Former Obama administration economist, Jared Bernstein, argues for higher taxes in a New York Times op-ed yesterday. His piece begins:
Like it or not, the campaign season is upon us, and that almost certainly means somebody is going to try to buy your vote with a tax cut — even though average federal tax rates are already low in historical terms, our tax code remains tilted in favor of the wealthy, and our children, neighborhoods and infrastructure desperately need public investment.
I tried to use my imagination and think of how a thoughtful and intelligent liberal like Bernstein might conceive of tax policy. But I could not come up with any scenario under which this statement might be considered true: “our tax code remains tilted in favor of the wealthy.”
The plain fact of the matter is that the federal tax system is highly graduated, or what liberals call “progressive.” Lower-income households pay much smaller shares of their income in taxes than do higher-income households.
In his article, Bernstein uses data from the respected Tax Policy Center (TPC), as I do here. The first table shows TPC estimates of average federal tax rates (total taxes divided by income) for U.S. households (specifically, “tax units”) in five income groups.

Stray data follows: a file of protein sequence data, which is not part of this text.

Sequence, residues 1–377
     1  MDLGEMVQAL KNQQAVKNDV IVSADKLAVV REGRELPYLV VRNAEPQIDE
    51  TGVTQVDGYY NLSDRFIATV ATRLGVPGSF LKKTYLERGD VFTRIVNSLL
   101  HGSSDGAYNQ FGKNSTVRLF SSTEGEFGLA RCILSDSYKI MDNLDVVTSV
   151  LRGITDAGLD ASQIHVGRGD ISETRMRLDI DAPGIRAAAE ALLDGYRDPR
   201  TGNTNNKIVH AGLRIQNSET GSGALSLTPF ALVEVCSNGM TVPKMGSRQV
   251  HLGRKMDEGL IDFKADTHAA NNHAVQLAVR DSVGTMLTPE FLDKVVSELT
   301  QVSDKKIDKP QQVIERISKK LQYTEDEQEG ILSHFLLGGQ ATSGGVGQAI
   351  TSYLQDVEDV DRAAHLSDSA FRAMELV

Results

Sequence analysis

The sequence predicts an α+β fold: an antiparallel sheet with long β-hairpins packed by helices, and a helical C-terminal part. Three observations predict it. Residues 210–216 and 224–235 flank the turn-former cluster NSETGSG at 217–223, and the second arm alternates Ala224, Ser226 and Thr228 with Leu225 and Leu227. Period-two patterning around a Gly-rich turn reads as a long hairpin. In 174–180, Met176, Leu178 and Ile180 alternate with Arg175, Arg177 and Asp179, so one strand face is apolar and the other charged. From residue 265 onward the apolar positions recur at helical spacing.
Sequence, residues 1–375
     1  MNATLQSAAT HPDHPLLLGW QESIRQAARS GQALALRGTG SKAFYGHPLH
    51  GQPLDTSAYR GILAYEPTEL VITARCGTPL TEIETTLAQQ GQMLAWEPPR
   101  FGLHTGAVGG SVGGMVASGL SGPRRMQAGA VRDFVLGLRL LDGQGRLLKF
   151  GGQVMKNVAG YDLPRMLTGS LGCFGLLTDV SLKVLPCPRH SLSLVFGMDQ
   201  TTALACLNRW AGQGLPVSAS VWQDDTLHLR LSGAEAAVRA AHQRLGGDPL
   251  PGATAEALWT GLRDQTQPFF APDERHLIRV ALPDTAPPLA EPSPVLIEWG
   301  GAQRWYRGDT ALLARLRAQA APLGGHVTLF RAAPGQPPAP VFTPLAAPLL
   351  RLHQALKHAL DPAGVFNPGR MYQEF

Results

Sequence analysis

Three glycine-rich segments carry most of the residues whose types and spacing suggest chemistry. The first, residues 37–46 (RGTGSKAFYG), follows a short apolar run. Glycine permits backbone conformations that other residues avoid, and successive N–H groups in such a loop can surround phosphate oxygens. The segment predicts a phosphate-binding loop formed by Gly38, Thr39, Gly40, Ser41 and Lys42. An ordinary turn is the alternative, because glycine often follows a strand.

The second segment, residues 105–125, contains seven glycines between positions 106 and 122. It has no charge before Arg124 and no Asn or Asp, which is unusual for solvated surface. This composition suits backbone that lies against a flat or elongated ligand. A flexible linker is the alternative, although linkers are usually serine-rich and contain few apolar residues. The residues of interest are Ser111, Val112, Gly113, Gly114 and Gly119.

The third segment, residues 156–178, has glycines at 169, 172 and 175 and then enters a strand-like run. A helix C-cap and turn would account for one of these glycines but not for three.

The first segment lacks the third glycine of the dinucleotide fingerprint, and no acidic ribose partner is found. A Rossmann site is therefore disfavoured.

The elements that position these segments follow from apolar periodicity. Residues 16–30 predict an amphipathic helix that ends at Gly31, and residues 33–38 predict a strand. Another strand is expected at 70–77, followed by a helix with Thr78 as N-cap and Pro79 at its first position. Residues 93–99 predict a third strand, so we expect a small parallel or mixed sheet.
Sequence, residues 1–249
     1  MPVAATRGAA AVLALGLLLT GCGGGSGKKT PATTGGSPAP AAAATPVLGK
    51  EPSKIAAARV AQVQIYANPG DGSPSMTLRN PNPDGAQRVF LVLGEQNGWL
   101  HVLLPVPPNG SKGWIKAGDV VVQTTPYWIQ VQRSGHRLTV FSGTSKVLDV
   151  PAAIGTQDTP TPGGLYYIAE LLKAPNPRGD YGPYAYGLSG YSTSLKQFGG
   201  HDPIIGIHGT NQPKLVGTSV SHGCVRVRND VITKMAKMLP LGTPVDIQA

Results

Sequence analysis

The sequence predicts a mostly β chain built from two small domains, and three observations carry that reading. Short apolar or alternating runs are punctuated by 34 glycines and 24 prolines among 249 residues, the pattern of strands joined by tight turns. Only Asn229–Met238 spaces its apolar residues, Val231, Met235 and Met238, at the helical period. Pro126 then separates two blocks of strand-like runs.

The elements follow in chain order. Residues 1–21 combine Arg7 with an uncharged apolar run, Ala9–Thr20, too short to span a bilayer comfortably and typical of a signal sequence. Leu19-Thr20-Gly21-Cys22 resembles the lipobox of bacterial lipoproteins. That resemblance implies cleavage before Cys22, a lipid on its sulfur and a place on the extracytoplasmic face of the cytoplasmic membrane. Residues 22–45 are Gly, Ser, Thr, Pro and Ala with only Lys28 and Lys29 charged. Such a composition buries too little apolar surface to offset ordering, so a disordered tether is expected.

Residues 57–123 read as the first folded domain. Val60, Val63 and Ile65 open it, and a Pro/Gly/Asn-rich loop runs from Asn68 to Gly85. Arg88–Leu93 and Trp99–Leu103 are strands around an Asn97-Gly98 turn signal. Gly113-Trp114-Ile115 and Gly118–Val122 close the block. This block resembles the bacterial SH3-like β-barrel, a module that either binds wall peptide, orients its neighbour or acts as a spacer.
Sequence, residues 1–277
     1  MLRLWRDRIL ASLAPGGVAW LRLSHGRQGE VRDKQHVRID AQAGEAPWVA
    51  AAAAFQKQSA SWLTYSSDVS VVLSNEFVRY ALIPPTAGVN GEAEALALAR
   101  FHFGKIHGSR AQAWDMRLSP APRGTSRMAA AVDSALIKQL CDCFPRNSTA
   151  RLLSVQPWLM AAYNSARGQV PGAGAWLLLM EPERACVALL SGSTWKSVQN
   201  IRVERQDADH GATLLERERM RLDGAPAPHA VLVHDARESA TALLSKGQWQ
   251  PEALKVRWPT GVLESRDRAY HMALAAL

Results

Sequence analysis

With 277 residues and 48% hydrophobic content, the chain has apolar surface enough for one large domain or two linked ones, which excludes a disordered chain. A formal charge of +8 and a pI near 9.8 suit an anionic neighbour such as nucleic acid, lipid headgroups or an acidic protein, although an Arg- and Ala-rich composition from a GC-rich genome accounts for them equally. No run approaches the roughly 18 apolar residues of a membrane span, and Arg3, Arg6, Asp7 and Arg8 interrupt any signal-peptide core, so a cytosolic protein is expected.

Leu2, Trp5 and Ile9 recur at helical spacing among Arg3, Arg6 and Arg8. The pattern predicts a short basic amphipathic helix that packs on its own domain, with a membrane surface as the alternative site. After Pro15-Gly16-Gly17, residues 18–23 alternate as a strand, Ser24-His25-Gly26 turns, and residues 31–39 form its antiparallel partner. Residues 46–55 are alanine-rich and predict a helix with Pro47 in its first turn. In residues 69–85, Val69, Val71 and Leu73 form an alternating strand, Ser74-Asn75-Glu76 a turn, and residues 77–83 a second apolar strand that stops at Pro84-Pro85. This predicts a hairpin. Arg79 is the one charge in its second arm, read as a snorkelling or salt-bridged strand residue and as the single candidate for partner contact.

Average Federal Tax Rates, 2015
|Income Group||Income Tax||Payroll Tax||Other Taxes||Total Taxes|
Source: Tax Policy Center estimates.
The average household in the highest group will pay 25.7 percent of its income toward taxes in 2015, which compares to 3.6 percent in the lowest group. The average household in the middle group will pay a rate about half that of the highest group. I don’t see how this data can be reconciled with Bernstein’s claim.
Data from other sources shows the same tilt in tax burdens toward high earners. Actually, “piling on” on high earners is more accurate than “tilt.” The following screenshot is from Table A-6 in this Joint Committee on Taxation report. I’ve circled the key column. Average tax rates rise rapidly as income rises. The highest earners in 2015 will pay an average federal tax rate of 33.1 percent, which is about twice the rate of those with middling incomes, and many times the rate of people at the bottom.
Perhaps Bernstein meant “tilted in favor of the wealthy” compared to other countries. But we have pretty solid data showing that is not correct either. Tax Foundation summarizes OECD data here showing that the U.S. has the most graduated, or progressive, tax system among the high-income nations.
Bernstein is right that the “campaign season is upon us.” But that doesn’t give him license to tilt tax data upside down to fit his policy narrative.